Make us your home page
Instagram

Today’s top headlines delivered to you daily.

(View our Privacy Policy)

Chief: Out-of-city car take-home program costs $400,000 in gas

St. Petersburg police officer Daniel Godsall fills his take-home car at the city’s fleet pumps, 1800 7th Ave N., on June 27, 2013.

LARA CERRI | Times

St. Petersburg police officer Daniel Godsall fills his take-home car at the city’s fleet pumps, 1800 7th Ave N., on June 27, 2013.

ST. PETERSBURG — Police Chief Chuck Harmon has said for weeks that he could not produce numbers detailing the cost of the department's take-home car program, causing a backlash from several City Council members.

But at Thursday's council meeting, Harmon said it costs the city roughly $400,000 per year in gas for the 226 officers who live outside of the city to drive their patrol cars home.

This perk accounts for about 16 percent of the department's total annual fuel costs.

Last week Harmon said tracking the costs would be too much work for the department, but he said Thursday his staff was able to compile the fuel data Wednesday afternoon after he learned the program would be on the council's agenda.

"The whole reason that I was so persistent on this was because — what's the cost?" council member Leslie Curran said. "We were told we couldn't determine that, and that's not true."

Harmon said he had told them he couldn't provide the information because he thought the council wanted the cost of the entire take-home program, which would include costs like maintenance and other factors. That, he said, he still can't provide.

Harmon also told the Times that he could not compile the fuel costs for out-of-city officers.

Having out-of-city officers take home cars is helpful for officer retention, Harmon said. He said the annual time saved by officers not having to check out a patrol car each day is equivalent to having 15.9 additional police officers.

"I think we're pretty close to what our industry standards would be," Harmon said.

Though frustrated the cost figures weren't available sooner, several council members were happy that the program seemed to be beneficial.

"This is a good deal for our city," council Chairman Karl Nurse said.

The program previously required officers to live within the county to be eligible for a take-home car. In 2010, Mayor Bill Foster expanded the program to allow officers to commute up to 40 miles.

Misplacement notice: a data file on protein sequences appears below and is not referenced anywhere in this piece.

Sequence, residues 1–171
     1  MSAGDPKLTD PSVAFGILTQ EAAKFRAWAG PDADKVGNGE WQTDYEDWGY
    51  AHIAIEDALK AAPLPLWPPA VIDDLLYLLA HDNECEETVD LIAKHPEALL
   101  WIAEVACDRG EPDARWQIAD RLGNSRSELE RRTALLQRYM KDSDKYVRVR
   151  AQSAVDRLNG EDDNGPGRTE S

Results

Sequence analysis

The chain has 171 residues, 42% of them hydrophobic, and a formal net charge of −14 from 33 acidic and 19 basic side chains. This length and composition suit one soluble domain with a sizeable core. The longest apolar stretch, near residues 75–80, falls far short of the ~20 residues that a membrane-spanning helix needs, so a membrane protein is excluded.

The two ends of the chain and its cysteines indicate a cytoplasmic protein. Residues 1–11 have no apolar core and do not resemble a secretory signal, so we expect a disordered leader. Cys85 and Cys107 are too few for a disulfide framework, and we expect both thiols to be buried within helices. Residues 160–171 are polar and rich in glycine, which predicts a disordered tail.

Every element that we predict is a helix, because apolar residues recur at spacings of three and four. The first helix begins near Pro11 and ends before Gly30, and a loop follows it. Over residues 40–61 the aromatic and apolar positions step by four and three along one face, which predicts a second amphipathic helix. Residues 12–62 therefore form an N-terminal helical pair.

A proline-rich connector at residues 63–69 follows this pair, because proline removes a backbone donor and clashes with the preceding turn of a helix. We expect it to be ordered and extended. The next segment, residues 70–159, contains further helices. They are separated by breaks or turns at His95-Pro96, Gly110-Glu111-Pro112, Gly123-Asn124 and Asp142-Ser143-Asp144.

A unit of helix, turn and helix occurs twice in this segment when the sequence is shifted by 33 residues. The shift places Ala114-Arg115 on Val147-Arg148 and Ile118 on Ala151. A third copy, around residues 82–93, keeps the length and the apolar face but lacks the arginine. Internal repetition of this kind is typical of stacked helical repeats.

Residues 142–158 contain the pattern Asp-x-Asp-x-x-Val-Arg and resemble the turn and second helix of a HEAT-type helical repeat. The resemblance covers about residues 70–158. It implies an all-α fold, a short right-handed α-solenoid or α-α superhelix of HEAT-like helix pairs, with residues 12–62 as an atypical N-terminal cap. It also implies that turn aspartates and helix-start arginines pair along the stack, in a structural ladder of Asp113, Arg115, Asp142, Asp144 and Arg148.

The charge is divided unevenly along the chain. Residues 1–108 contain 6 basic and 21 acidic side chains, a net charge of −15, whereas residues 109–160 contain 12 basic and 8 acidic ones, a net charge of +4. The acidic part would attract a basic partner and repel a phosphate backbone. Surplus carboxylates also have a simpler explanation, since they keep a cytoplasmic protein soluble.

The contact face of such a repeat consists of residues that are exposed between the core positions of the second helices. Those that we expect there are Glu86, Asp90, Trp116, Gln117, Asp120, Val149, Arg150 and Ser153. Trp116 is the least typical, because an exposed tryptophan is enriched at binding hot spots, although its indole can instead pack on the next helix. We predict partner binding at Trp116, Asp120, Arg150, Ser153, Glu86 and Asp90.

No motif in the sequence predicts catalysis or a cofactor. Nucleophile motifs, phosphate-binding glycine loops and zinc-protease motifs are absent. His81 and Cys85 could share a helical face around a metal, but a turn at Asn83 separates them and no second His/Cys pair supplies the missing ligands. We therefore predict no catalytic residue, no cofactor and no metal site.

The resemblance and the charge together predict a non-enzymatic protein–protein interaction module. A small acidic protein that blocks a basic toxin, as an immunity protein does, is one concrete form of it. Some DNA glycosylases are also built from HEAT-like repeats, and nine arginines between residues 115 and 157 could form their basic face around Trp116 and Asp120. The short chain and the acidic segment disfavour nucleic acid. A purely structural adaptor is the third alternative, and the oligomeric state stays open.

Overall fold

Council member Wengay Newton said he is still concerned that the department does not do enough to make sure officers don't abuse the perk by using the car on personal time.

The council approved a motion to further discuss abuse of the take-home car privilege in committee.

Chief: Out-of-city car take-home program costs $400,000 in gas 07/11/13 [Last modified: Friday, July 12, 2013 5:10pm]
Photo reprints | Article reprints

© 2017 Tampa Bay Times

    

Join the discussion: Click to view comments, add yours

Loading...
  1. Baker cautious on Pride politics

    Elections

    Rick and Joyce Baker strode down Central Avenue Sunday amid rainbow flags, corporate booths, and blaring music of the St. Pete Pride Festival.

    St. Petersburg mayoral candidate Rick Baker chats Sunday with people at the St. Pete Pride Festival. As mayor, Baker did not sign a Pride parade proclamation, but now he says he would.
  2. Rays' bullpen stars lit up in loss to Orioles

    The Heater

    ST. PETERSBURG — Saturday it was the soft underbelly of the bullpen that let one get away from the Rays, incurring the wrath of the team's faithful followers, who wondered why the high-leverage guys weren't pitching.

    Rays closer Alex Colome, coming in with the score tied in the ninth, allows three runs in his second straight poor outing.
  3. Lightning among early suitors for defenseman Kevin Shattenkirk

    Lightning Strikes

    TAMPA — Lightning general manager Steve Yzerman said he planned to explore free agency for potential needs, which include bolstering his blue line and adding a wing or two.

    Defenseman Kevin Shattenkirk, who can be a free agent Saturday, counts the Lightning among his early suitors.
  4. Senate leaders try to appease members as support for health bill slips

    National

    WASHINGTON — Senate Republican leaders scrambled Sunday to rally support for their health care bill, even as opposition continued to build outside Congress and two Republican senators questioned whether the bill would be approved this week.

    Sen. Rand Paul of Kentucky, speaking to reporters on Capitol Hill on Thursday, is one of the five Republican senators who announced they cannot support the health care bill as drafted.
  5. Top things to do in Tampa Bay for the week of June 26-July 2.

    Events

    Vans Warped Tour: The festival returns Saturday to St. Petersburg's Vinoy Park, featuring shock-metal icons Gwar, hardcore punks Sick Of It All, ska band Save Ferris and indie-pop group Never Shout Never ($39.50-$49.50). vanswarpedtour. …

    Crowd for the Motionless in White band at the 2014 Vans Warped Tour at Vinoy Park, Friday, July 25, 2014.  CHERIE DIEZ   |   Times